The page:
Another argument in favor of adopting a litigation strategy is that it would be absolutely ridiculous for this cash-strapped agency to spend a large sum of money to replace a system that is in good working order across its growing fleet of specially fitted-out buses. (This seemed to me to be suggested by the press release.)
By the way, I live along the M15 SBS route, and it is anxiety-provoking for me — and everyone who uses it with me — to be unable to distinguish SBS from non-SBS buses. Also (would you believe?), it appears MTA had never asked for legislative relief from VTL § 375, subdivision 41. FYI A06076 (which incorrectly describes the lights) was introduced March 14th in response to constituent concerns like mine, but so far, it has no counterpart in the Senate.
Now, I don’t think the MTA has been as rudderless as this reader makes them out to be. As I said earlier today, Fernando Ferrer and Tom Prendergast have kept things moving along as a steady clip. But the SBS issue has raised a series of eyebrows from those belonging to East Side politicians on down. A number of riders have raised concerns over the inability to ascertain if an approaching bus is a Select Bus or a local bus, and with stops at opposite ends of the block — or on other blocks all together — boarding properly and in time becomes stressful.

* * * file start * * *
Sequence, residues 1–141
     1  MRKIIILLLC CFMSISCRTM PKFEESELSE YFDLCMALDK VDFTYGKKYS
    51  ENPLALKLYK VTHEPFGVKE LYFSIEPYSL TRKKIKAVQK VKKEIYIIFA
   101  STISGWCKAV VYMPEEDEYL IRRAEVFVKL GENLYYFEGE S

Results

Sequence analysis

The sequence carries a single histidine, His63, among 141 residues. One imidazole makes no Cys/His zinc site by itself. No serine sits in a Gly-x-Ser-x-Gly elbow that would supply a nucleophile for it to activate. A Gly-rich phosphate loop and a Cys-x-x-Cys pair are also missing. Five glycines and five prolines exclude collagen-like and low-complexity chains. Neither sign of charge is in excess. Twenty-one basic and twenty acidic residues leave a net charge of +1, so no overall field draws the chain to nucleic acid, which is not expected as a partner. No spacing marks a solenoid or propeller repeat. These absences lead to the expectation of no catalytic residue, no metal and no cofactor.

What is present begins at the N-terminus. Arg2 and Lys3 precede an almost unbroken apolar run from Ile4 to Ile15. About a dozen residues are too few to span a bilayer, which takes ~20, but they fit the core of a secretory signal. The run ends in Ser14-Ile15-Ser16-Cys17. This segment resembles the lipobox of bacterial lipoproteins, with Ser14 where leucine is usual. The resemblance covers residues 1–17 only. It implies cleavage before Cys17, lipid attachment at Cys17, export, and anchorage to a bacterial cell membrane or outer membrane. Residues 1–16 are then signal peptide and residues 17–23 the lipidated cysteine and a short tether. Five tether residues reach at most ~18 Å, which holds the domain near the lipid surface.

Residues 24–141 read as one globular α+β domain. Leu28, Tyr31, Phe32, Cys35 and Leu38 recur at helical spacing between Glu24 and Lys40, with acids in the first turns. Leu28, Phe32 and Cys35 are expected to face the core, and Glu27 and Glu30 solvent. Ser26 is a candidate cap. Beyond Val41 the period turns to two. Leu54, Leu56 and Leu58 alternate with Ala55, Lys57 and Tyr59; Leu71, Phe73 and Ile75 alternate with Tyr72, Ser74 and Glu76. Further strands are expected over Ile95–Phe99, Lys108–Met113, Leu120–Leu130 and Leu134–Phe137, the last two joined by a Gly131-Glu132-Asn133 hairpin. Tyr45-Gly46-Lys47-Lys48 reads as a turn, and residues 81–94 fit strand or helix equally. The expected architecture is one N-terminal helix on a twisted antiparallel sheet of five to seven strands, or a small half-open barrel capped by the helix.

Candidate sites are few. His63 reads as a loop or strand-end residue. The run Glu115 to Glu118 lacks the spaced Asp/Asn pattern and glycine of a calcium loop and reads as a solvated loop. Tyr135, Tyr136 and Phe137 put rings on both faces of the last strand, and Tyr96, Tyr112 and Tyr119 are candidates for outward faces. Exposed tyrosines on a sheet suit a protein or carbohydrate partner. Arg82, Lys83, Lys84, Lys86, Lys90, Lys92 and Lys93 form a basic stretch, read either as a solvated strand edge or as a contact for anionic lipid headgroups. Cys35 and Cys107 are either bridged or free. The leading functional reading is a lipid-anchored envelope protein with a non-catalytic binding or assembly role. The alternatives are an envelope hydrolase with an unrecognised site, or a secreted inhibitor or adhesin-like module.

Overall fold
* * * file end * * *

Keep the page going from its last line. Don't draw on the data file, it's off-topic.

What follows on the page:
The MTA hasn’t publicly addressed the issue in months, but Community Board 6 in Manhattan is taking up the cause tonight. They’re going to vote on a (non-binding) resolution 1) supporting legislative curative action, and 2) calling on the MTA to examine all options for turning back on its iconic pair of simultaneously flashing blue lights on SBS buses. (The meeting starts at 7 p.m. in Alumni Hall B at NYU Langone Medical Center at 550 First Ave., and anyone can speak.)
While CB6′s vote carries only some symbolism and garners some press, what’s the answer? Maybe the MTA should turn those lights back on, and maybe someone in Albany can lead a charge to secure the proper exemption. The lack of lights does the Select Bus Service and its riders no favors.